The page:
What is the Difference Between PIR and PUR?

When you’re planning to build a cold room and consulting with professional technicians for cold room solutions, you often face a common question: should you opt for PUR sandwich panels or PIR sandwich panels to construct the body structure of the cold room? In such instances, it’s essential to understand the differences between PUR and PIR. This article will compare PUR and PIR, providing a detailed explanation of their distinctions and advantages, allowing you to gain a deeper understanding of PUR and PIR.

PIR

What are PUR and PIR?

Polyurethane (PUR) and Polyisocyanurate (PIR) are two common types of polymer materials widely used in the construction industry, particularly in the cold room construction sector, where they are often utilized as the insulation core of sandwich panels.

 

Differences between PUR and PIR

 

PIR and PUR

While PUR and PIR share similar names and belong to the polyurethane family, they exhibit differences in structure, performance, and advantages.

Chemical Structure

PUR is primarily produced from the reaction between isocyanates and polyols, forming a polymer with repeating urethane linkages. It contains a higher proportion of linear structures and fewer cyclic structures in its molecular structure.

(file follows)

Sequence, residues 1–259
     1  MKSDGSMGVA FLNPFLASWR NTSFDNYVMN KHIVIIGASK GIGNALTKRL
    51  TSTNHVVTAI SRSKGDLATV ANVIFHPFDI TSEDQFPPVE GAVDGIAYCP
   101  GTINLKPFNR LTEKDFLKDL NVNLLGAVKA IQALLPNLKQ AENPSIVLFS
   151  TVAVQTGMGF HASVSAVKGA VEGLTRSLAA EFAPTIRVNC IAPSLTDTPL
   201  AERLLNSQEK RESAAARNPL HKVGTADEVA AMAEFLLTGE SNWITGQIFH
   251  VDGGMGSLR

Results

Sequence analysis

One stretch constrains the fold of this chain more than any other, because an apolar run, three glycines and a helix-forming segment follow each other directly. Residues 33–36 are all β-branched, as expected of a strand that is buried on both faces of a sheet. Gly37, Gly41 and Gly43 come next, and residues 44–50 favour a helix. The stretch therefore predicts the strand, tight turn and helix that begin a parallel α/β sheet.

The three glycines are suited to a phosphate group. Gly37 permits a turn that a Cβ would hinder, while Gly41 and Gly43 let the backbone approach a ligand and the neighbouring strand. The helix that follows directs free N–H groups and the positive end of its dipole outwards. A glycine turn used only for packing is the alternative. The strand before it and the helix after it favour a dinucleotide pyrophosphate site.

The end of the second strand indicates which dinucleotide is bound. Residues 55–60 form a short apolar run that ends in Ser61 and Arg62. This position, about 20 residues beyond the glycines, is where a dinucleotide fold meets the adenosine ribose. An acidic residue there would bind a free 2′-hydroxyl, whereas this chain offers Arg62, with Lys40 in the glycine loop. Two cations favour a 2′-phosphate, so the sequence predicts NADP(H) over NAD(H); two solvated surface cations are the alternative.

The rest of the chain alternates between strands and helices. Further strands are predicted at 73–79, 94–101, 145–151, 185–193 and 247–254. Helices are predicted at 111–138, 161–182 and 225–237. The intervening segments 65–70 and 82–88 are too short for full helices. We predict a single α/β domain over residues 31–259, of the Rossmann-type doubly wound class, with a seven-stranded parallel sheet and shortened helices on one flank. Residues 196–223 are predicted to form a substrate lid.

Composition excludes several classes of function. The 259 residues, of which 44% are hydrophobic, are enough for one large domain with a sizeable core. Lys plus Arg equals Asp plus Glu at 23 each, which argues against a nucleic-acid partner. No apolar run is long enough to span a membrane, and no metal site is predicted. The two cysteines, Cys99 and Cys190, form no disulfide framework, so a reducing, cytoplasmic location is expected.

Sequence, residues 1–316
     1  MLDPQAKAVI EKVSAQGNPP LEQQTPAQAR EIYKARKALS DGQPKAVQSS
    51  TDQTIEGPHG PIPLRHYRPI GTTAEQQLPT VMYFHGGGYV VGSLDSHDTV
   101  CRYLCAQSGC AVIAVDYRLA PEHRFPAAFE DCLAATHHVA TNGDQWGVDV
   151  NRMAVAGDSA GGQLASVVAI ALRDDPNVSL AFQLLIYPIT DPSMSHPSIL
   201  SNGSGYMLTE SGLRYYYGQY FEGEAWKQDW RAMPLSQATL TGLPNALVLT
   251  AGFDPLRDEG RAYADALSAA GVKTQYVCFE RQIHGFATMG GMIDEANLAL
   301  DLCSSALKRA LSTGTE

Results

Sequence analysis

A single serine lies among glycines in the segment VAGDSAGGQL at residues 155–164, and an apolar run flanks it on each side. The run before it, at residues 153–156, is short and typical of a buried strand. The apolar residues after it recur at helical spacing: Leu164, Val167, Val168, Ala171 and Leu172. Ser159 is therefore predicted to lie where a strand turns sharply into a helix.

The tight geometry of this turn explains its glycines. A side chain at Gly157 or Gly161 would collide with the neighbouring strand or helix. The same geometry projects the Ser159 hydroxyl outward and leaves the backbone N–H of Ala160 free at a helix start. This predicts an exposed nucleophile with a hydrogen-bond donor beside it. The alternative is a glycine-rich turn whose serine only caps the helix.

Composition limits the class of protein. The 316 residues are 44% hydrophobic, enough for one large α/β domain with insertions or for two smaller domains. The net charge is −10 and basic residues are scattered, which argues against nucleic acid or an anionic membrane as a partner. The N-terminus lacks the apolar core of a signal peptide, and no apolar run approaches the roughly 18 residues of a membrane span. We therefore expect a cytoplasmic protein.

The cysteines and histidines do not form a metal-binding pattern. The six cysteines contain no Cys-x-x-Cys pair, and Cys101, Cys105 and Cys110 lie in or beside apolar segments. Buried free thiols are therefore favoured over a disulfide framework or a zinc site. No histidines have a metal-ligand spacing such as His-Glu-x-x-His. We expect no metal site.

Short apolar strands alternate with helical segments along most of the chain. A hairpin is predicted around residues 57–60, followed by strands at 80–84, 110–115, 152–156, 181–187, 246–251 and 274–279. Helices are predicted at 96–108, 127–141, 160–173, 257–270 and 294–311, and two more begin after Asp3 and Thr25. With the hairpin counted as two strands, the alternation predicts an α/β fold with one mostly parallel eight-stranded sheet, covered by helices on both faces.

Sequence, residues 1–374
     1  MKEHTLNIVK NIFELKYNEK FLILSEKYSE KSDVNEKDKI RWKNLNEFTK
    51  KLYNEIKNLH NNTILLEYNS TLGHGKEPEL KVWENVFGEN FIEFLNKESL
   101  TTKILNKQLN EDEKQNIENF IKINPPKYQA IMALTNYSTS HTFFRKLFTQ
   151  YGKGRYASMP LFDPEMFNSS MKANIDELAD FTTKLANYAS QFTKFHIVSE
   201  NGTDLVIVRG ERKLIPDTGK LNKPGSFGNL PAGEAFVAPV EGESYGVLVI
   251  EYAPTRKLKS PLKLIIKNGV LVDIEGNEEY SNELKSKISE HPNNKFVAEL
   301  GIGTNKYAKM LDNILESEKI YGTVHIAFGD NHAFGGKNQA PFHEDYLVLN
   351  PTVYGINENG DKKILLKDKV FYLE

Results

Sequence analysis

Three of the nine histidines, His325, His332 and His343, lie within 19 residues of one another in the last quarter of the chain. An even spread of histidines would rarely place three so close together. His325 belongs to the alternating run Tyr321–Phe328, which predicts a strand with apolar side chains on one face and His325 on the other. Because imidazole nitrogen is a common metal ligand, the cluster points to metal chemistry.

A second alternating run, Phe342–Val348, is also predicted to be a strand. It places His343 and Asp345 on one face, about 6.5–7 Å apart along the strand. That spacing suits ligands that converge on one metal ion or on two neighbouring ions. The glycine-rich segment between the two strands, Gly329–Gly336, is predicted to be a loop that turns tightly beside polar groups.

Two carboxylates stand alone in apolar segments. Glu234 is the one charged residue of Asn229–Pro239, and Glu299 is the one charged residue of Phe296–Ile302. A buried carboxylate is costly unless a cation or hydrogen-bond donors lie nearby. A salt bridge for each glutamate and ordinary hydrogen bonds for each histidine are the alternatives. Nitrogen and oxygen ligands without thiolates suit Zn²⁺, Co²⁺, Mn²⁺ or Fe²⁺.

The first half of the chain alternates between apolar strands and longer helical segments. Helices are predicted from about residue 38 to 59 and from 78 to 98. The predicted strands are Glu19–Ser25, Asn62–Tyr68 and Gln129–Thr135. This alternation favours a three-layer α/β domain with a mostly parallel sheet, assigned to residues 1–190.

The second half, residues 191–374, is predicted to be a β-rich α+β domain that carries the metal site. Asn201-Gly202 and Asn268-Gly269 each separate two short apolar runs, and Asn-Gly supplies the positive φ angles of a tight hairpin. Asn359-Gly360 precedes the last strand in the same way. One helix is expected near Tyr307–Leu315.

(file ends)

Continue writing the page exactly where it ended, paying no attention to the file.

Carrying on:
PIR is a variant of PUR, where the ratio of isocyanates to polyols is adjusted, resulting in a molecular structure with more cyclic structures. This modification enhances the thermal stability and structural integrity of PIR compared to PUR.

Thermal Insulation Performance

Both PUR and PIR exhibit good thermal insulation performance, but do they differ in their insulation capabilities? The answer is yes. The parameters commonly used to evaluate the insulation performance of materials include R-value, U-value, and K-value. Below, we will compare the R-value, U-value, and K-value of PUR and PIR to further illustrate the differences in their thermal insulation performance.

R-Value

The R-value, also known as the thermal resistance, is an important indicator used to measure the thermal insulation performance of materials. It represents the difficulty of heat flow through a material, or in other words, the material’s ability to resist heat flow. Simply put, the higher the R-value of a material, the better its thermal insulation performance.

The R-value of PIR is typically higher than that of PUR, which means that for the same thickness, PIR offers better thermal insulation performance than PUR.

U-Value

U Value

The U-value, also known as the thermal transmittance, is used to measure the heat conductivity of materials. It represents the amount of heat transmitted through a material per square meter, per second, per degree of temperature difference, indicating the material’s ability to allow heat to pass through. The U-value is the reciprocal of the R-value. In other words, the lower the U-value of a material, the better its thermal insulation performance, indicating less heat loss.

The U-value of PIR is typically lower than that of PUR, meaning that under the same conditions, PIR provides better insulation.

K-Value